Mark Cuban’s Unorthodox Vice Presidential Pitch

PHOTO: Mark Cuban, on an episode of "Shark Tank," Dec. 13, 2013.Adam Taylor/ABC
Mark Cuban, on an episode of "Shark Tank," Dec. 13, 2013.

Although business mogul Mark Cuban has said he is open to discussing the vice presidential slot with both Donald Trump and Hillary Clinton, he’s got a strange way of showing it.

The businessman slammed the presumptive Republican nominee this week not long after saying he would be “wide open” to discussing joining his ticket.

In an interview on 77 WABC’s “Bernie and Sid Radio Show” on Wednesday, the Dallas Mavericks owner attacked Trump’s business ventures and questioned the real estate mogul’s claims he’s worth $10 billion.

“What he’s done well is put his name on big buildings. ... He’s good at that. Now whether or not that makes him a billionaire, I don’t know,” Cuban said. “He’s not transparent enough for us to know that.”

The star of ABC’s "Shark Tank” added, "So when you're putting your name on steaks, and you're putting your name on water, you're putting your name on playing cards, you're putting your name on all this nonsense, right? You're not gonna make big bucks, no matter what. It's not like Trump Steaks were gonna make him $100 million. It's not like it was gonna make him $5 million. I asked him, ‘What the hell are you doing? Are you that desperate for money?’"

To underscore the point, Cuban tweeted a mashup video of Trump singing “Billionaire.”

Cuban has also not held back from criticizing Democratic candidate Hillary Clinton.

“There’s a ton of negative,” Cuban said. “Hillary's got no personality whatsoever. And that’s a big part of this -- no charisma whatsoever.”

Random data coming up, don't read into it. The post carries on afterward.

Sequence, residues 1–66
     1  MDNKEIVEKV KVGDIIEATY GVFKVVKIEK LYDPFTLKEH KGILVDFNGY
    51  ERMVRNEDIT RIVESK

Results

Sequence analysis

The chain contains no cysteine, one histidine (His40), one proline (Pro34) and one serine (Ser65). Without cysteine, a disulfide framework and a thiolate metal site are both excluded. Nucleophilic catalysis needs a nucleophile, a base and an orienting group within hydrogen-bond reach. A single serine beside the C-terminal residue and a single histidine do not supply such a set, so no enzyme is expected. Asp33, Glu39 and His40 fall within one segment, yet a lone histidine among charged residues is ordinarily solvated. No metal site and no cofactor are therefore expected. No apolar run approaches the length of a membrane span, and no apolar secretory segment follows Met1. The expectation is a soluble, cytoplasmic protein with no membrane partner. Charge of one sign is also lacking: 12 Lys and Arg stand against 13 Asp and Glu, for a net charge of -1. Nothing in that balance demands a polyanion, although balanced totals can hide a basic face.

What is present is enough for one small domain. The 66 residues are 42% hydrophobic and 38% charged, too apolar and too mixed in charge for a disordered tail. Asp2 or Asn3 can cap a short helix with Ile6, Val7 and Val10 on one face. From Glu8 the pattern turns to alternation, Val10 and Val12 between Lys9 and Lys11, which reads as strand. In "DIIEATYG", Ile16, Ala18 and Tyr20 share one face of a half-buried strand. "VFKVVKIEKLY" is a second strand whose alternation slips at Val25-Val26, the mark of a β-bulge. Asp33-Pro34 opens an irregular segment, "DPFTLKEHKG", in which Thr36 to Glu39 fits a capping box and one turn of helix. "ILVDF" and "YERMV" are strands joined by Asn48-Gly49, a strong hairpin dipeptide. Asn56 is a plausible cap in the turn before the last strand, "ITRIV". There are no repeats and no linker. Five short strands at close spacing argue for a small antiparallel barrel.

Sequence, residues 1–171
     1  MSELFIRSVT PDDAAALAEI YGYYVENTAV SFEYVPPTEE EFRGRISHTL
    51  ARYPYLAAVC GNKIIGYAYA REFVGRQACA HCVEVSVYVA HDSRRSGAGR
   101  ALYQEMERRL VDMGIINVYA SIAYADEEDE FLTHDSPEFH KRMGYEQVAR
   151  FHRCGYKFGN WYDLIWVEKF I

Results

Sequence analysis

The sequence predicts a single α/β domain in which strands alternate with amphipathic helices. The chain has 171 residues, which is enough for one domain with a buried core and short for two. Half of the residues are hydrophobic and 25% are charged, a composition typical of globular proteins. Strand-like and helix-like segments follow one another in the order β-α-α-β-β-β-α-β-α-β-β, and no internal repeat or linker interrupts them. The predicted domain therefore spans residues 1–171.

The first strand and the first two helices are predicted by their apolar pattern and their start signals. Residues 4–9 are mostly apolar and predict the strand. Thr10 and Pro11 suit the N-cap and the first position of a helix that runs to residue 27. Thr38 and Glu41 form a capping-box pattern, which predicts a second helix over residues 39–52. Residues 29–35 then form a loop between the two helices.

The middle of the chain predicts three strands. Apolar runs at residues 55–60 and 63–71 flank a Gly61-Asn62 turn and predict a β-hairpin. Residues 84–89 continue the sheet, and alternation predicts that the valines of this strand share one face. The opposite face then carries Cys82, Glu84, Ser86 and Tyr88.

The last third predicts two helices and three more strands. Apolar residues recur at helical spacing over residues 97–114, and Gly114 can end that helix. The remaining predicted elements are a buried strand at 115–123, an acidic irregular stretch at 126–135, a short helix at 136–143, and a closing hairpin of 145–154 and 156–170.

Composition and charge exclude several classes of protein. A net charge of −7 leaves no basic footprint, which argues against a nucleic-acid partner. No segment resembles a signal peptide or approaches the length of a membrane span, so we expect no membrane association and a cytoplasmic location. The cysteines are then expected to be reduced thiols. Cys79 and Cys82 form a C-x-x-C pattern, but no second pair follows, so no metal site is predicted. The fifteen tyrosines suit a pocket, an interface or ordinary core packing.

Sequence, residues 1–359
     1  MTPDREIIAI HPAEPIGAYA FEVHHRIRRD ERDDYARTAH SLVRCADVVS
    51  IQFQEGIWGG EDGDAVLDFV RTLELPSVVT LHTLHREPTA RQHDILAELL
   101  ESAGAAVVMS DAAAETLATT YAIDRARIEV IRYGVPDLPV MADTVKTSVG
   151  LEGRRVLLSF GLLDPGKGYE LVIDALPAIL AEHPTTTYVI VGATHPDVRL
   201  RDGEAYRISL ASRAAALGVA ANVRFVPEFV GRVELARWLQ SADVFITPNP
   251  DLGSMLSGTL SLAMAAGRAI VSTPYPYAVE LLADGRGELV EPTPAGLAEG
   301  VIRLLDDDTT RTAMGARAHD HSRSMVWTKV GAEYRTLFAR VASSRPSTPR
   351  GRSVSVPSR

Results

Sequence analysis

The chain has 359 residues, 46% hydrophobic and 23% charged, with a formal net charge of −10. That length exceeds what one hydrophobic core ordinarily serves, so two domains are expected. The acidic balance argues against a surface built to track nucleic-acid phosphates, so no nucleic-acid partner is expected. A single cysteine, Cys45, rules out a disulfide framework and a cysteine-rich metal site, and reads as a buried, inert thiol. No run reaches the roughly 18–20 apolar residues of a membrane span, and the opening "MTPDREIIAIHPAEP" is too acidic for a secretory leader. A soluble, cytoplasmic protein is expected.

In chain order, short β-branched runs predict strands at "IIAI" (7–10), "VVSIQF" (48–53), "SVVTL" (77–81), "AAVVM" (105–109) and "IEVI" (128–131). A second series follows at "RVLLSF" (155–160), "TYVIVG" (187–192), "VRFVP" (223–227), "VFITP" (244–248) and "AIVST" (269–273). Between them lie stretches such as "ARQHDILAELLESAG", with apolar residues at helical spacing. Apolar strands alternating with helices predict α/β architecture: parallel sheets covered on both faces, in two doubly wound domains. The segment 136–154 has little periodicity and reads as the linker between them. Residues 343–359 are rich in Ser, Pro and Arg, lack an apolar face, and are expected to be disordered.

However, when it came to assessing Clinton’s record, Cuban said she made mistakes but called it the “nature” of the job.

“Yes, Hillary has made horrible mistakes, Benghazi, many horrible mistakes, horrible mistakes with Libya. ... But that's the nature of the job,” Cuban said.

In a recent episode of ESPN Radio's “Capital Games” podcast, Cuban pitched himself as being “different.”

"What makes me a different candidate for vice president is that I'm a geek working in the tech industry. It's important for presidential candidates to be tech savvy, none are right now,” Cuban said.

Cuban, who identifies himself as “fiercely independent,” said he has been in touch with Clinton aides, and despite not reaching out to the Trump campaign, he is willing to be the real estate mogul’s No. 2.

“It’s not really a matter of whether or not I agree with them. It’s a matter about whether or not I can add value and whether or not I can impact any perspective and hopefully have a positive impact on the country,” he said. “I’m not here to tell you that I’m the only person capable of doing this. I’m not. I’m not here to tell you I’m the smartest person capable of doing this. I’m not. But what I am -- what I will say that I am is that I’m willing. And sometimes that’s the big difference.”